If you are wondering what to do in Muscat then look no further, this tried and tested Muscat itinerary demonstrates the best things to do in the Omani capital with a short amount of time.
Muscat is not the easiest city in the world to navigate and getting around is virtually impossible without a car since the city spans over 60km in width and the main sites of interest are dispersed and not within walking distance of each other. There is no “city centre” in Muscat, with the city being comprised of lots of different little neighbourhoods.
Unfortunately, I found that these neighbourhoods didn’t have an awful lot of personality either. Think huge sprawling highways scattered with industrial estates, American style car dealerships and giant billboards and you’re picturing Muscat.
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Renting a Car in Muscat
Though there are some public transport links in Muscat, they do not cover all areas of the city and run very infrequent services. As such, the best way to get around Muscat is either to hire a car and self-drive, or to hire a private driver for the day. In the interests of being more economical I would recommend the former (unless perhaps you can’t drive or you are travelling as a group and can split costs).
Renting a saloon car will not cost you more than $40 per day – a figure which becomes cheaper if there is a group of you travelling together, or even if you are travelling solo and you are able to meet fellow travellers via Couchsurfing to pitch in. Though I would say that you need a 4×4 to access many of the sites in wider and more rural Oman, it is not necessary for Muscat.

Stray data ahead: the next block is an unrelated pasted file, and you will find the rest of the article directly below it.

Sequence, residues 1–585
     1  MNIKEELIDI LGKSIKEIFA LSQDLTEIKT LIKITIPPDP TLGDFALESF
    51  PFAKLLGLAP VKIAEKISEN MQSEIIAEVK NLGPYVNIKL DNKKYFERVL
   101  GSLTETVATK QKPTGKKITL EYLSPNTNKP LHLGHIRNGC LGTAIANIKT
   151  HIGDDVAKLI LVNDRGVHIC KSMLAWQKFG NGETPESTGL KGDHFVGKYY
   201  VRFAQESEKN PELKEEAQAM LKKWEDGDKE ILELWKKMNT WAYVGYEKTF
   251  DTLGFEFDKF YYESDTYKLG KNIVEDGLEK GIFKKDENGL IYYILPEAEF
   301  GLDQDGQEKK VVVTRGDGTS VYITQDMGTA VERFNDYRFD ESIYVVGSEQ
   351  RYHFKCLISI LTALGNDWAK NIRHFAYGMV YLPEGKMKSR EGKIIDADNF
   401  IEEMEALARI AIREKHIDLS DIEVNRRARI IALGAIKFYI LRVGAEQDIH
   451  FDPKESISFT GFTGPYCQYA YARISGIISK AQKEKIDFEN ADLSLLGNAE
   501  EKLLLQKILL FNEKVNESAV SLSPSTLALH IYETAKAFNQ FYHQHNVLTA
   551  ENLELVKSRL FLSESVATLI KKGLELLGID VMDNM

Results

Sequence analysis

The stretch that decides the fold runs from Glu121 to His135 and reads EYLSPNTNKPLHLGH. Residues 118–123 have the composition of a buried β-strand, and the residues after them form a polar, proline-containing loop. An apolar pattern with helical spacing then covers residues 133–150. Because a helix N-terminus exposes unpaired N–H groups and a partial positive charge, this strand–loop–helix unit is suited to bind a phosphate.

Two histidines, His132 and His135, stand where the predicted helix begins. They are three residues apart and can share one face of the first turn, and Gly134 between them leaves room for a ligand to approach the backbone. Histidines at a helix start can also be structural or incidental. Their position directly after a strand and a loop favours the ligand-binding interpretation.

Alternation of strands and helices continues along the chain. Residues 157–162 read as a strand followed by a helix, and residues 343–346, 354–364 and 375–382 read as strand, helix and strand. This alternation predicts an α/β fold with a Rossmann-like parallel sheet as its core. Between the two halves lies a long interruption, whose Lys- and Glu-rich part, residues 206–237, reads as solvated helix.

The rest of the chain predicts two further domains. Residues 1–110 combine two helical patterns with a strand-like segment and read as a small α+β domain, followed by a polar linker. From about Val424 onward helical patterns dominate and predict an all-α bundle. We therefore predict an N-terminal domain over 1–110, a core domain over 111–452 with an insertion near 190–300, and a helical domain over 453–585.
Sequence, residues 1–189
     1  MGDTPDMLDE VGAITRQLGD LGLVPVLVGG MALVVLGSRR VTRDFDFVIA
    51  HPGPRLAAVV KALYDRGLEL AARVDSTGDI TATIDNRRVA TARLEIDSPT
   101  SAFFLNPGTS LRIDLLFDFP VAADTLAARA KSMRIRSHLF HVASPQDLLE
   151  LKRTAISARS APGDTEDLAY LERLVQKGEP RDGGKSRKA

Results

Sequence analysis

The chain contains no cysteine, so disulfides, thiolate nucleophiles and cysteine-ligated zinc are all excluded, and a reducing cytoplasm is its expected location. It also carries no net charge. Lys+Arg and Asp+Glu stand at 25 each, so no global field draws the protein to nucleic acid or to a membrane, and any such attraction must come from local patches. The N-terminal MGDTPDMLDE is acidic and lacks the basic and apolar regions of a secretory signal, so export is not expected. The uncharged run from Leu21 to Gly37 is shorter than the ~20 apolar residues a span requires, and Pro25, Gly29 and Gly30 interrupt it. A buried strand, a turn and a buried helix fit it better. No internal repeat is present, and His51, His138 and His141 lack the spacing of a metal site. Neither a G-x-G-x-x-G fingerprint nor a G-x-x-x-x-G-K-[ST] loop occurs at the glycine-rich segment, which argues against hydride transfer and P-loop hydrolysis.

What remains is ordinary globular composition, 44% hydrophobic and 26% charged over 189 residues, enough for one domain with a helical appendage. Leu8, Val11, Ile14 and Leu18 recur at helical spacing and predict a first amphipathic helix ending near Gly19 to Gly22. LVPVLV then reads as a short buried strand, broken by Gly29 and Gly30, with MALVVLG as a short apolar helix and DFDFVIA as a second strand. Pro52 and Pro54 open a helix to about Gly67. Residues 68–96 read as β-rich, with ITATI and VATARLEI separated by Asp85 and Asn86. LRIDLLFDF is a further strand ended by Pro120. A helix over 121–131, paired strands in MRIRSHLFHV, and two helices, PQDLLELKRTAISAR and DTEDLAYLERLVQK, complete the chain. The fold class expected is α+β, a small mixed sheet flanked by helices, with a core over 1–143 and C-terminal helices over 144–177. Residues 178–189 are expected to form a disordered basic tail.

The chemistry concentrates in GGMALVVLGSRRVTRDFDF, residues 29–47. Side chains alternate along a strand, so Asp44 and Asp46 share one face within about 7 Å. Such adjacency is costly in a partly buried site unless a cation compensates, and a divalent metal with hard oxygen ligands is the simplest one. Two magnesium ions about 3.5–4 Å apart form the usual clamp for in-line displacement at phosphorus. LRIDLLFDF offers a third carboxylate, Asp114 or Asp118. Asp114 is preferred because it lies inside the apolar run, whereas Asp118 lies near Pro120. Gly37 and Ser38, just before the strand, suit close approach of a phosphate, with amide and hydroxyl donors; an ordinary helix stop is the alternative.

I spent a few days in Muscat but there isn’t really an awful lot to do there. You can see the main highlights of the Omani capital in a day, and I would say that you are better off reserving most of the time on your Oman trip to enjoy the country’s beautiful nature. This one-day Muscat itinerary will help you to see the main highlights of Oman’s capital in a short space of time. It contains a mixture of “must see” things to do in Muscat, and off the beaten track activities and attractions that were introduced to me by locals.
Making the Most of Your Muscat Itinerary
Visit the Sultan Qaboos Grand Mosque
Embellished with stunning mosaics in vivid hues of blue and green, the spectacular Sultan Qaboos Grand Mosque is a breath-taking sight to behold and is surely a highlight of any Muscat itinerary. The beautiful structure took over four years to build and previously housed the world’s largest carpet and chandelier (until neighbouring Emiratis and Qataris came across to take measurements and steal the title!). Spanning 416,000 square meters and large enough to house over 20,000 worshippers at any given time, the space that the mosque occupies is expansive.
The Sultan Qaboos Grand Mosque is open to non-Muslim visitors between the hours of 8.00 and 11.00am every day excluding Friday. Entrance to the mosque is free.
Visit the Royal Opera House Muscat
The Royal Opera House in Muscat is a beautiful example of contemporary Arabian architecture and acts as a cultural crossroads to introduce locals to artistic performances from around the globe. You have the option to take a tour inside the opera house, but if that isn’t really your thing then you can just stop by and snap some photos out front since this place is both beautiful and conveniently close to the Grand Mosque.
Try Traditional Omani Shuwa
After a short time in Oman you will discover that it is very difficult to find authentic Omani food since the majority of Omanis do not work in restaurant or service industries. You can find eateries that serve Omani dishes, but they are operated by people from Yemen, India and Bangladesh and will arguably never be quite the same as what Omanis eat at home. For authentic Omani food (that is well worth the price tag) head to Bait Al Luban. Alternatively, venture inside one of the many Yemeni restaurants that serve Omani dishes.